Every state implements different regulations for Occupational Hazard Insurance. Check your state's requirements to ensure you purchase enough coverage.

You'll also want to purchase enough coverage for your needs. Be sure your policy covers your regular bills or is enough to give your survivors adequate financial resources to meet their needs and maintain financial security.

What are the Benefits of Occupational Hazard Insurance?

Most Occupational Hazard Insurance coverage includes several benefits. Check your policy for details. In general, a policy will cover:

  • Accident-related medical and dental expenses
  • Accidental death or dismemberment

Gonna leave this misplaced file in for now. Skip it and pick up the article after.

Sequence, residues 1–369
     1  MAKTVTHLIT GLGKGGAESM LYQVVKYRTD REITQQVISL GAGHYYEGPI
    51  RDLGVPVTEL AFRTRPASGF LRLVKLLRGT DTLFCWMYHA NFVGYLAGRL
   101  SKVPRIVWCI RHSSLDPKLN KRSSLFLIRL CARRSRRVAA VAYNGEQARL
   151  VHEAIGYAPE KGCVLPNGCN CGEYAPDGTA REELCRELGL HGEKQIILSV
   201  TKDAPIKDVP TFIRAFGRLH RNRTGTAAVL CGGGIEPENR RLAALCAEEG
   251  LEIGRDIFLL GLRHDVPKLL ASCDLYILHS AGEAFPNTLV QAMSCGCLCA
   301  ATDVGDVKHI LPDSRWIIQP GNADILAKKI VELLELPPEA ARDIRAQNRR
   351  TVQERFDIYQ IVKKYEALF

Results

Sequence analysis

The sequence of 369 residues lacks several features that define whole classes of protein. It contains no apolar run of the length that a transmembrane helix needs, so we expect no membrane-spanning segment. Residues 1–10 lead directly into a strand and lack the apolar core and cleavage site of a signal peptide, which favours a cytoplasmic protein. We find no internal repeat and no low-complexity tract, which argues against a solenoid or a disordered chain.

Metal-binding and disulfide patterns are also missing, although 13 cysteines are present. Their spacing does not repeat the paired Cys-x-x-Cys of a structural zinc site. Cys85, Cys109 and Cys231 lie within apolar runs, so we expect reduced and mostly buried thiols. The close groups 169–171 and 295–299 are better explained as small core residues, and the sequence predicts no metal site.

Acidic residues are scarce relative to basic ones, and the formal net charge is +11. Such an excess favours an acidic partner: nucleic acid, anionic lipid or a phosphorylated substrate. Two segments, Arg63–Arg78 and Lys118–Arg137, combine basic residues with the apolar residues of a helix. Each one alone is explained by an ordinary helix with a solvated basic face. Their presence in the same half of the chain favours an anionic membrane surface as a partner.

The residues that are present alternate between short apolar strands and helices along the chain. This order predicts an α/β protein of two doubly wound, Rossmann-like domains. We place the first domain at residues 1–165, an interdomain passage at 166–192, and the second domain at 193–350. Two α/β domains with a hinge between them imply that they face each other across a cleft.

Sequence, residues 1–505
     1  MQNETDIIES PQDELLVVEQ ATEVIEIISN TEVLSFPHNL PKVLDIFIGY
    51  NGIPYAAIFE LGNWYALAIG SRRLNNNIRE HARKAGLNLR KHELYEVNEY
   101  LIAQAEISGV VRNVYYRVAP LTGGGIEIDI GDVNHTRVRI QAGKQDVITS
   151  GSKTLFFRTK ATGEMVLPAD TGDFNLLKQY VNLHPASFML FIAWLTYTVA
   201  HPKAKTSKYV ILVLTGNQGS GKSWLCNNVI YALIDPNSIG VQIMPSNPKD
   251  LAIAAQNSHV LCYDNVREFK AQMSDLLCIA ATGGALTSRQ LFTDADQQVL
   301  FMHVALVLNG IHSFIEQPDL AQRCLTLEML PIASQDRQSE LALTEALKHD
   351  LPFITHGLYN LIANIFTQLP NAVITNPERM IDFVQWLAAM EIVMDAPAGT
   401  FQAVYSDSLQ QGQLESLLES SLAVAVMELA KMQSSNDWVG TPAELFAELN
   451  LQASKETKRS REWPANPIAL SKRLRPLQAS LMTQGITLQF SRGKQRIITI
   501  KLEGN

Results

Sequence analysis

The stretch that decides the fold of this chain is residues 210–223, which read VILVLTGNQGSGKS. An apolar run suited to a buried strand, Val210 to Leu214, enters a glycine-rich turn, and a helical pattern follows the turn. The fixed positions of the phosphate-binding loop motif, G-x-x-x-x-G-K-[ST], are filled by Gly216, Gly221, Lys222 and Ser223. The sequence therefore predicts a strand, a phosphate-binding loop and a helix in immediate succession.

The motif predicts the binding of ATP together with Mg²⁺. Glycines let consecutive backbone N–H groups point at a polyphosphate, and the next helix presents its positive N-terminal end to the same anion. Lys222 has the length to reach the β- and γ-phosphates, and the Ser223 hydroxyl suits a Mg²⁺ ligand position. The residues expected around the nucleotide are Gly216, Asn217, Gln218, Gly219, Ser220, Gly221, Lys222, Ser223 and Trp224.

• Temporary or permanent disability
  • Reduction in disability income
  • Severe burn benefit
  • Paralysis
  • Survivors benefits
How Much Does Occupational Hazard Insurance Cost?

Expect to pay more for an Occupational Hazard Insurance policy since you are working in a dangerous job and the insurance company takes a big risk in insuring you. Additionally, other factors affect your premium. They include your:

  • Age
  • Industry
  • Safety history
  • Amount of coverage
  • Type of coverage
Your insurance carrier may also consider other factors when determining the cost of your premium. Discuss the details with your agent.

You may also wish to shop around. Compare policies and costs as you find the right Occupational Hazard Insurance for your budget and needs.

Occupational Hazard Insurance gives you financial resources if you're injured or die on the job. It's valuable coverage, so discern your needs and options before you work another day.

Is Your Business Exposed?